Lyse Doucet is an international BBC correspondent known for her work in the Middle East. She joined Jon McComb this morning ahead of her attendance at Canadian Women 4 Women in Afghanistan‘s fundraising event later this week.
— lyse doucet (@bbclysedoucet) May 4, 2015
“We’ve seen extraordinary successes in Afghanistan, take education, the reason why I’ve come here to speak at this event on Tuesday evening,” Doucet told Jon McComb in studio Monday morning. “Many Canadians will remember during the time of the Taliban, no Afghan girls went to school at all.”
Doucet, originally from Eastern Canada, has been a foreign correspondent with the BBC for nearly 30 years, with postings all over from Jerusalem to Afghanistan. Her TV documentary Children of Syria, looking at the impact of the war on the youngest, received wide critical acclaim. A follow up, looking at the lives of children in Gaza and southern Israel, will be broadcast this summer.
“There is no news anymore that is foreign, all news is local, because the threat posed by the so-called Islamic State […] is not just threatening Iraq and Syria; they are threatening European Countries, they are threatening Canada.” Doucet said.
She first started reporting from Afghanistan in 1988, and has been regularly visiting ever since. “You have to remember this is a country where for 30 years, that’s a generation, has only known war,” Doucet said. “With the fall of the Taliban in 2001, many Afghans dare to hope this could be their best chance in a generation to bring peace.”
When asked about ISIL, Doucet notes that the threat they pose is to be taken seriously, and it is both a modern and a medieval threat. “They are going back to the very foundations of Islam in the 7th century […] we have not seen that before. The kind of extreme Islamist interpretation and brutality of […] the beheading videos, of journalists, of aid workers, of Iraqis and Syrians in the hundreds,” she said. “But it is also a very modern Islamist threat, in the sense that it is using the most modern of technology, slickly produced videos, and recruitment campaigns on the internet.”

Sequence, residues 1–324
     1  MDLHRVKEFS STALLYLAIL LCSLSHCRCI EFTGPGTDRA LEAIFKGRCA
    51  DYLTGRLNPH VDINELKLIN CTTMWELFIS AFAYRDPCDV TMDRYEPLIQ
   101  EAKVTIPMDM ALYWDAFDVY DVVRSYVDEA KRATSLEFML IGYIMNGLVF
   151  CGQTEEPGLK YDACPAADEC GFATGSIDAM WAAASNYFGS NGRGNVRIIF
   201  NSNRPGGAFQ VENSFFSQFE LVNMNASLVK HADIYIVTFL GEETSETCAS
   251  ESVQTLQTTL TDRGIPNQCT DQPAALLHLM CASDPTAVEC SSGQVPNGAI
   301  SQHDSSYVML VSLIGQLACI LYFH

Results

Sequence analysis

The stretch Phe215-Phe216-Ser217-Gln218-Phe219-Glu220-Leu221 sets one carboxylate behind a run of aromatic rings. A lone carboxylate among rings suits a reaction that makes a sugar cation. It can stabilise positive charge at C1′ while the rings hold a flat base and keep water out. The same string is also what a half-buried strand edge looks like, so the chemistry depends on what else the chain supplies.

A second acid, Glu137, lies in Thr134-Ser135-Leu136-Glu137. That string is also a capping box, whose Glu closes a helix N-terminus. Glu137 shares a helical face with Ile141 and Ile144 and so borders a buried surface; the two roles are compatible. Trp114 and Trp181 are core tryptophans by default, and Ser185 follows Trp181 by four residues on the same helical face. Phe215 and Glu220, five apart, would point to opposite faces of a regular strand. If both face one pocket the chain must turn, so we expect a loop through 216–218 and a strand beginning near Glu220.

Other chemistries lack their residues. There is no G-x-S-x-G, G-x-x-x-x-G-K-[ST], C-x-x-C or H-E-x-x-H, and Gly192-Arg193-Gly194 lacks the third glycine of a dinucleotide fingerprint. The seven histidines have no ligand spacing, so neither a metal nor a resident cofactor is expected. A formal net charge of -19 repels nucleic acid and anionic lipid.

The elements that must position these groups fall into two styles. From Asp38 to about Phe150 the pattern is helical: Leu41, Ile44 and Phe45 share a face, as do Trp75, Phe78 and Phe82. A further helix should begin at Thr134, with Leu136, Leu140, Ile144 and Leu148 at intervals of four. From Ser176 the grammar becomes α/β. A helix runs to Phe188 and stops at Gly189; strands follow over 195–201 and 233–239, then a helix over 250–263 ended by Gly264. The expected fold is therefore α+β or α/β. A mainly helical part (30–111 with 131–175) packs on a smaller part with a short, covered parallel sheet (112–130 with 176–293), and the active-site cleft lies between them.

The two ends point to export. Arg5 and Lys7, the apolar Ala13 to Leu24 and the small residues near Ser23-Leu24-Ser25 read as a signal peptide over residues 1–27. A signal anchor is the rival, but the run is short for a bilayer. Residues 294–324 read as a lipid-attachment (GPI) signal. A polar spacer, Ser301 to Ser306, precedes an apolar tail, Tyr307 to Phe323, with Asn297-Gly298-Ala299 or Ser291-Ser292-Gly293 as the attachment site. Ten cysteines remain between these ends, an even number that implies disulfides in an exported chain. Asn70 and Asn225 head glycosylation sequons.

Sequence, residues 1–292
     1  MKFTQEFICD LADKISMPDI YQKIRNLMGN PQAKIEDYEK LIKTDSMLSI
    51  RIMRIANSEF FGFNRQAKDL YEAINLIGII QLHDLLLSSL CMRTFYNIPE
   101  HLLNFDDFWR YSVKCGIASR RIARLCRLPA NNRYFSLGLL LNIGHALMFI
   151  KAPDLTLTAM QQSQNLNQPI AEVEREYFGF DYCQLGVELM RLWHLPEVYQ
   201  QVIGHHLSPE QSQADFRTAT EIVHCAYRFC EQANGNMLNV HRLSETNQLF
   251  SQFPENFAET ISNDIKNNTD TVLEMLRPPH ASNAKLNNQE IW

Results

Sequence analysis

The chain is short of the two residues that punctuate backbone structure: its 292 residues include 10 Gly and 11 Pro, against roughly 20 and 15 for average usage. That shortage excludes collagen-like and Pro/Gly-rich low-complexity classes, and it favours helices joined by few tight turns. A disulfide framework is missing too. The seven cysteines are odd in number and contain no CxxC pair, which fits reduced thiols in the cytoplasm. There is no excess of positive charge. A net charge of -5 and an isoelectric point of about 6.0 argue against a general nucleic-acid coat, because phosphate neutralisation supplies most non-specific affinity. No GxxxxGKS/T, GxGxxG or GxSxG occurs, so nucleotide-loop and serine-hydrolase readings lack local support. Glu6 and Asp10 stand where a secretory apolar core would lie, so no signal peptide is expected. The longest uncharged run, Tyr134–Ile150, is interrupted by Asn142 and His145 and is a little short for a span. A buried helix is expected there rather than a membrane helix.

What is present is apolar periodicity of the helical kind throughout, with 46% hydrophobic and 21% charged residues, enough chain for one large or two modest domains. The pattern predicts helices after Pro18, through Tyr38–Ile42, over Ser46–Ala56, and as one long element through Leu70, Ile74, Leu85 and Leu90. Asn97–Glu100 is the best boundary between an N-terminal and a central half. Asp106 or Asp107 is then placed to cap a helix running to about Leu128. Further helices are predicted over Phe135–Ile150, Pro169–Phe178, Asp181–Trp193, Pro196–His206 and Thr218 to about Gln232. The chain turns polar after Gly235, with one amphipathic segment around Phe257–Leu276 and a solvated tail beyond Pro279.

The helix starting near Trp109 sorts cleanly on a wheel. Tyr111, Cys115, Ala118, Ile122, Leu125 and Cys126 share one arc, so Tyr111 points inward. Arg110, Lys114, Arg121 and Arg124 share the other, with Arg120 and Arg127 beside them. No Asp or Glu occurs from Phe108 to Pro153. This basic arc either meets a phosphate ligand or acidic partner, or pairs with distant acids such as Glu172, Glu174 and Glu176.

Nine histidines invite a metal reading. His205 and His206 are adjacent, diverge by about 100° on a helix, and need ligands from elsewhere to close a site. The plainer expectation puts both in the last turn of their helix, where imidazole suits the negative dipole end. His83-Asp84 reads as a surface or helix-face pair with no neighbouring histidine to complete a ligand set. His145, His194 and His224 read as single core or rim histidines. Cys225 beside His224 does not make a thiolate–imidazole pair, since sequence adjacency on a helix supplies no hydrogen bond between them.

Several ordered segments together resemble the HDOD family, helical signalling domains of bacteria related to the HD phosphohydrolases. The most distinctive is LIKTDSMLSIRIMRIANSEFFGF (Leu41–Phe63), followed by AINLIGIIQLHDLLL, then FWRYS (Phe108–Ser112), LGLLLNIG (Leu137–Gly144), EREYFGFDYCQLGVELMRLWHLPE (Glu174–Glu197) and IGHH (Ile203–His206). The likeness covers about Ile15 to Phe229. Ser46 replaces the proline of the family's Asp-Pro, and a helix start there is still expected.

“I think one of the biggest lessons of all is when we work in someone else’s land that we have to ask them first what they want, and what’s best for their country,” Doucet said about helping foreign countries as a Canadian, “We cannot assume that we know all the answers. We can bring some of the answers […] we are a rich country, we are a privileged country, we have resources, we have the foundations of rule of law, good educations, we have everything we need. The question is, what do we make of it both politically, morally, in terms of what people bring to it?”
Doucet has eight honorary doctorates from Canadian and British Universities. She has a Master’s degree in International Relations from the University of Toronto and a BA Hons from Queen’s University in Kingston.